Report: State courts and private debt companies are hurting consumers
Stephon Johnson | 3/1/2018, 10:18 a.m.
A report from the American Civil Liberties Union shows how private debt collection companies keep Americans living in terror.
The ACLU’s report, “A Pound of Flesh: The Criminalization of Private Debt,” details how the courts and debt collectors combine to send consumers spiraling financially and personally. Creditors hire debt collectors after someone doesn’t repay a financial obligation. The companies either go after the debts or sell them to collection companies themselves. Some of these companies, of which there are 6,000 operating in the United States, file hundreds of lawsuits daily in small-claims and other state courts turning those places into collectors’ courts.
“Debt collection lawyers can file hundreds of suits a day, often with little evidence that the alleged debt is actually owed,” read the report. “Once a lawsuit is filed, the process is stacked against defendants, the overwhelming majority of whom are not represented by an attorney. And collectors have a big advantage in small claims courts, which provide very limited due process protections to debtors.”
According to the author of the report, ACLU Principal Human Rights Researcher Jennifer Turner, American’s inability to make ends meet is made worse by private debt collecting companies.
“The private debt collection industry uses prosecutors and judges as weapons against millions of Americans who can’t afford to pay their bills,” said Turner in a statement. “Consumers have little chance of justice when our courts take the debt collector’s side in almost every case—even to the point of ordering people jailed until they pay up.”
Turner’s reports make sure to personalize the burden of the average American consumer with stories from multiple people, including one of a woman in Georgia. She was arrested while caring for her terminally ill mother after a collection company bought a 6-year-old rental debt her landlord claimed she owed from an eviction. She was put in jail overnight and her mother died two days later.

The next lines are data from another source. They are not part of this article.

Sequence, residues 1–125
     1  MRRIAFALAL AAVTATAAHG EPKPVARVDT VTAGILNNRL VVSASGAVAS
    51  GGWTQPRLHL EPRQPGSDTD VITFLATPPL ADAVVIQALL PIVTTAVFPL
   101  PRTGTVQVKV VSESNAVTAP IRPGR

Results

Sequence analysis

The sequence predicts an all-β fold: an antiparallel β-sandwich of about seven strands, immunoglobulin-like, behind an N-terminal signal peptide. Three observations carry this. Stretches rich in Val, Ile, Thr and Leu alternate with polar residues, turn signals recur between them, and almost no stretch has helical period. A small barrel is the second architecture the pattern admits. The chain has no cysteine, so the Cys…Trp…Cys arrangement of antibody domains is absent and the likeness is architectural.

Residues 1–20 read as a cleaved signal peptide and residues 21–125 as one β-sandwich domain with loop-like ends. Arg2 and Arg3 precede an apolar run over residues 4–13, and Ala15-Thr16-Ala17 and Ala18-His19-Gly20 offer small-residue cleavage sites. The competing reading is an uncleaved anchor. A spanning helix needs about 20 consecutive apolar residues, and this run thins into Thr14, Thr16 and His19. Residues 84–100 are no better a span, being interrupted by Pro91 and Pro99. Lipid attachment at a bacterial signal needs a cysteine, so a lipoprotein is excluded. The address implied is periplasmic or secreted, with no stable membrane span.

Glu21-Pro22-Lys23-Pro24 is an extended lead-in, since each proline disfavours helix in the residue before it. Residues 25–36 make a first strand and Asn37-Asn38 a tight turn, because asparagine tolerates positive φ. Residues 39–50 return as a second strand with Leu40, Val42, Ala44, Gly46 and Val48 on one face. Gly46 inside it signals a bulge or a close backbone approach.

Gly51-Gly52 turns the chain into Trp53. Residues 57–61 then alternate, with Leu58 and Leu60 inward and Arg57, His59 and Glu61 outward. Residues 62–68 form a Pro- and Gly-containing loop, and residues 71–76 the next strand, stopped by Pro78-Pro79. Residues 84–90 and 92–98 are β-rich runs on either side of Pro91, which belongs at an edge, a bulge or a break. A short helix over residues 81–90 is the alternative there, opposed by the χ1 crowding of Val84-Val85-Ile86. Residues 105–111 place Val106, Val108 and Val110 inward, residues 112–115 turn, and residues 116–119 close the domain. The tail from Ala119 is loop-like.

The report also states that 90 percent of consumer debt litigation ends with a default judgment in favor of the company because the defendant didn’t contest the case. That tends to happen because they don’t know how to contest the case or they never received a notice of the suit’s existence.
“We must stop the suffering and injustice caused by the private debt collection industry’s cozy relationship with law enforcement and the courts,” stated Turner. “Almost all of the people targeted by debt collectors can’t afford attorneys. The right to counsel often doesn’t apply in such cases, but it should.”
The report recommends several actions to turn the tide back to a fairer system for consumers, including having state legislatures enact laws prohibiting courts from issuing arrest warrants in debt collection cases, prohibiting judges from issuing arrest warrants for contempt, failure to pay or failure to appear and having the district attorney’s office terminate contracts with private debt collection companies.
Some elected officials are looking to take matters into their own hands to protect consumers. Last week, both chambers of Virginia General Assembly passed Delegate Schuyler VanValkenburg’s bill that would end the practice of suspending professional licenses over unpaid student loans.
“In Virginia, professionals who borrowed money for school or technical training run the risk of losing their professional licenses if they run into trouble paying their student loans,” said VanValkenburg in a statement. “People can’t pay their loans if they’ve lost the ability to work. As a teacher, I see students limiting their career choices because of increasing levels of student loan debt. We need teachers, firefighters and health care professionals.”
Locally, New York State Attorney General Eric Schneiderman joined 20 other AGs and signed off on a letter to Education Secretary Betsy DeVos demanding they not reauthorize the accrediting agency, Accrediting Council for Independent Colleges and Schools, that approved of predatory loans for for-profit schools.
“For years, thousands of students were duped into pursuing degree programs that essentially had no real world value—saddling many New Yorkers with mountains of debt and very few job prospects,” stated Schneiderman. “As an accreditor, ACICS had a basic responsibility to protect those students, but, instead, allowed them to be taken advantage of by predatory for-profit colleges. Secretary DeVos must do her job to protect students by rejecting ACICS’s petition to regain its status as a nationally recognized accreditor. ACICS thoroughly failed students before and it cannot be entrusted with that responsibility again.”